No wonder I am so confused! Right through much of my formative years, I was in the middle of a giant, country-wide transition!

I’m not sure if it makes my reality any better, but at least I know I have a reason for knowing bits and pieces of each system, and being a master of neither.

 

13. I really NEED quiet times of peace, especially in nature.

I’ve always loved spending time outdoors and being in nature.

I grew up with a big, two-acre yard in the countryside, with farms and space around me. I also had a father who was a teacher and a mother who worked at home for most of my childhood, and because of this, we were able to do so much in the summer, including a long camping vacation (or sometimes more than one!).

As a married adult, my husband and I, and subsequently our family have always valued and loved most our quiet vacations spent in nature. We love being near or on water, and my favorite places are in what I would affectionately call, “cottage country” (or “up north”), where one can drive for miles through areas of trees and lakes.

One of my most favourite places on the planet (if not the most favourite!), is a large provincial park in northern Ontario known as Algonquin. I grew up going to this area for many of our vacations, then brought my husband there and eventually our kids. It’s a bit of a drive, but we love to spend vacation time there as often as life allows, often being joined by my parents and sometimes my sister and her family.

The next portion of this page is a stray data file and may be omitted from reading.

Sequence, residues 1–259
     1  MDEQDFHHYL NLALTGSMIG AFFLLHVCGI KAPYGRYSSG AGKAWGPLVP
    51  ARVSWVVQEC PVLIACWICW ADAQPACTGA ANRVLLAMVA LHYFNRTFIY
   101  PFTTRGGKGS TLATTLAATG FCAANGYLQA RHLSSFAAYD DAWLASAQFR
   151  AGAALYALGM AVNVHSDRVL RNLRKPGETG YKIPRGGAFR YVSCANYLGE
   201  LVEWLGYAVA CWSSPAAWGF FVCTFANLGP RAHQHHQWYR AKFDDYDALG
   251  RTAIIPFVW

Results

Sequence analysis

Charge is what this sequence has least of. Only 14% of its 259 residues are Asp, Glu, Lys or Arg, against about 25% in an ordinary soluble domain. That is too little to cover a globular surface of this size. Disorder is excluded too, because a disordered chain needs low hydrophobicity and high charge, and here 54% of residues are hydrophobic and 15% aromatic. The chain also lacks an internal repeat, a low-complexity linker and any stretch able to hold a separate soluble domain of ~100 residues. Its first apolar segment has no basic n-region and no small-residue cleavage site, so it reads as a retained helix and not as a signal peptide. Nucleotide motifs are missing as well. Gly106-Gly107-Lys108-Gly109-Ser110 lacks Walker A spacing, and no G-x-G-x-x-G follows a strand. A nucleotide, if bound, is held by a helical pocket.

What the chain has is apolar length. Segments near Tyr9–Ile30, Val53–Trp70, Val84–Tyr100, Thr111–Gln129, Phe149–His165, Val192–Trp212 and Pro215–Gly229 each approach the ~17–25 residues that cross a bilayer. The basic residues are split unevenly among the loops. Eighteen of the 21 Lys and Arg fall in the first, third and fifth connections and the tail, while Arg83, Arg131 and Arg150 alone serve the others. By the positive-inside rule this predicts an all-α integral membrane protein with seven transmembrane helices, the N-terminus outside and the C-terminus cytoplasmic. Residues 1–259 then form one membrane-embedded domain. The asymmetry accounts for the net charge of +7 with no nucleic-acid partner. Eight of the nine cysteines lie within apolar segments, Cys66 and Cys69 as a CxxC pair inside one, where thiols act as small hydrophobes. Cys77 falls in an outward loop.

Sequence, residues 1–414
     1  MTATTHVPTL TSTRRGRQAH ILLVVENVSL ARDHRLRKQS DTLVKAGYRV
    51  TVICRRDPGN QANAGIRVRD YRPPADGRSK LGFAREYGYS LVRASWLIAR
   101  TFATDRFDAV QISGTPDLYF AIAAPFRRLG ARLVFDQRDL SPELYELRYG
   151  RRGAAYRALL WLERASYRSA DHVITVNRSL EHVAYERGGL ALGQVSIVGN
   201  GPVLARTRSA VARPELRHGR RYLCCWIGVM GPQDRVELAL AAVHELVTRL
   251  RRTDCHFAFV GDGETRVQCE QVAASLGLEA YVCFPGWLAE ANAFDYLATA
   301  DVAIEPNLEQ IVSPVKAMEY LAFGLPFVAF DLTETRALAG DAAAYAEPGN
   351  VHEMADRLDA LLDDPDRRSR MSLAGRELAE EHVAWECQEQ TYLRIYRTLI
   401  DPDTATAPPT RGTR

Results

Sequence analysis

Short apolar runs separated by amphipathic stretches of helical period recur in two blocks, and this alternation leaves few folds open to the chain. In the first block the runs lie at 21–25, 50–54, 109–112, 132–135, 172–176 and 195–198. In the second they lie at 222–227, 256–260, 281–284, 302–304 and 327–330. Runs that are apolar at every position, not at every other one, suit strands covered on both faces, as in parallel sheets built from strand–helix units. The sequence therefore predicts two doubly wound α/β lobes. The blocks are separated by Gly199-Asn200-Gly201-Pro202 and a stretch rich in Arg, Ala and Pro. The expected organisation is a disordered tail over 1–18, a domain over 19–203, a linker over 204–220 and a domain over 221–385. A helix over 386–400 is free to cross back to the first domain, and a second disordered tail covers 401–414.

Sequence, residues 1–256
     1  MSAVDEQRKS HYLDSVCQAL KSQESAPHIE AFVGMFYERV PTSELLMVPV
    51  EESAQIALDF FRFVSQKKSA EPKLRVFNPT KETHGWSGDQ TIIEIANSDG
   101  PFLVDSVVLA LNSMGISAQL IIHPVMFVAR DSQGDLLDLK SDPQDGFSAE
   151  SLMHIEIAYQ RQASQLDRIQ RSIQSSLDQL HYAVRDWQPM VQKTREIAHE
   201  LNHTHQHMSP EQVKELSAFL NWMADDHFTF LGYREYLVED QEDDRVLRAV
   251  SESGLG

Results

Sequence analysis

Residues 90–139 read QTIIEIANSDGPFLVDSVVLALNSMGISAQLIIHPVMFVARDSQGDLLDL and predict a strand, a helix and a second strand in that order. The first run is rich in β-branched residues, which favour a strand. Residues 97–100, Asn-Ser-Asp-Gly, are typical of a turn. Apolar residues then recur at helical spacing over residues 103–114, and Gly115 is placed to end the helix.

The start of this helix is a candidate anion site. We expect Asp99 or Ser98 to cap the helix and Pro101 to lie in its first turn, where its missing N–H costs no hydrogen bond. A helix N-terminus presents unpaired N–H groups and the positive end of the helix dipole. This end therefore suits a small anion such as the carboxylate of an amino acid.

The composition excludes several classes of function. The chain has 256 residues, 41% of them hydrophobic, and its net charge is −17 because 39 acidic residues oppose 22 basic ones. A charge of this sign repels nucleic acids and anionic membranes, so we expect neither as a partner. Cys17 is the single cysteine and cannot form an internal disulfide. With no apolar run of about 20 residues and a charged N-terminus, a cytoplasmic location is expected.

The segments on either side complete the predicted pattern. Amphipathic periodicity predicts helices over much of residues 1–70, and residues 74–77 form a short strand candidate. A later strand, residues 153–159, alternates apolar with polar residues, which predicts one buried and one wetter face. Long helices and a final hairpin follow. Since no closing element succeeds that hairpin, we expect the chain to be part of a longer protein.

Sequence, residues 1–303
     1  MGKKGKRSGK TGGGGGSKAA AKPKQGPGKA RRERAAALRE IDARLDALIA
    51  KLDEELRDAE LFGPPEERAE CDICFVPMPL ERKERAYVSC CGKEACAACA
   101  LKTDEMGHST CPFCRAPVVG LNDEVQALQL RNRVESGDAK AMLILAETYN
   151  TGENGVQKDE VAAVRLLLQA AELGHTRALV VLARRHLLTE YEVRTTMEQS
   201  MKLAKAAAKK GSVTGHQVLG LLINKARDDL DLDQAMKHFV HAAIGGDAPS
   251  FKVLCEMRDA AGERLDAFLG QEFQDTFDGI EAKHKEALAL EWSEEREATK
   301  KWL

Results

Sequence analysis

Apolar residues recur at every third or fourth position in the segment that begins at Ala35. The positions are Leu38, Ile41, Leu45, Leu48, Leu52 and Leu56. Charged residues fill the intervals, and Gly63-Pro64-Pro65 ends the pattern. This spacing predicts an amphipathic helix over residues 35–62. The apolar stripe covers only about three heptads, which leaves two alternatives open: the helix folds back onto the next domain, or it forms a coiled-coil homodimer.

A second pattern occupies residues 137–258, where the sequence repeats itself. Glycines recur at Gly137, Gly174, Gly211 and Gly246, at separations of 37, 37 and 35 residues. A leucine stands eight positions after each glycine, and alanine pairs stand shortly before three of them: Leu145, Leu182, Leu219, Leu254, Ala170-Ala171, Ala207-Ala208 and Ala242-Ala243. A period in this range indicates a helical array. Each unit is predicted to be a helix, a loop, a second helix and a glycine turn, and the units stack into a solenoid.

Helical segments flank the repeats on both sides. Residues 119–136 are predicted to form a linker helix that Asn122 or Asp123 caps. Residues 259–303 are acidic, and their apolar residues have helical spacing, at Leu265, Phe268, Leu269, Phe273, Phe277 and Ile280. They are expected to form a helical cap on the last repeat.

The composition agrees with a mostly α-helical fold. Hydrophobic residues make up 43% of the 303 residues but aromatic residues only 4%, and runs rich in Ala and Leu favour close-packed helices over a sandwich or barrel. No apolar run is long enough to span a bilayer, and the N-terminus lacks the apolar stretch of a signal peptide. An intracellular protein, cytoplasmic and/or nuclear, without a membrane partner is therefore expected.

Even when home, I find that a simple hike in the woods, sitting by or boating on a quiet lake, or even enjoying the ambiance of a campfire are some of my favorite past-times. But not only that; I’m recognizing more and more that these types of activities bring life to my soul.

I cannot accurately describe the feeling I get when I am able to soak up the peace and beauty that nature provides. Something within me calms, rejuvenates, and releases a contented sigh.

On the way home from our early vacation to a cottage in Algonquin this summer, I was trying to express to my husband how much I’m realizing that I actually need these peaceful and life-giving experiences.

I want to intentionally include them more often, even daily in little ways. Things like taking the time to sit outside in the sun, walking peacefully through falling snow, or even sitting in my kitchen with a hot beverage in hand, gazing out of my window can bring needed revitalization in the midst of everyday life.

I’m so thankful for the blessing of God’s creation and times of peace and solitude.

 

Cottage neighbour's boat near Algonquin

 

Adirondack chairs at lakeside campfire

 

peaceful evening boat ride

 

Colourful evening skies on Oxtongue Lake

 

Wilderness lake near Algonquin

 

Flower on the water taken from canoe

 

fox near Algonquin road

 

firepit at Oxtongue Lake cottage

 

Morning quiet time view from cottage dock on Oxtongue Lake

 

*****

I hope you’ve enjoyed what I’ve learned this summer. Perhaps you learned a little something new or even something about yourself!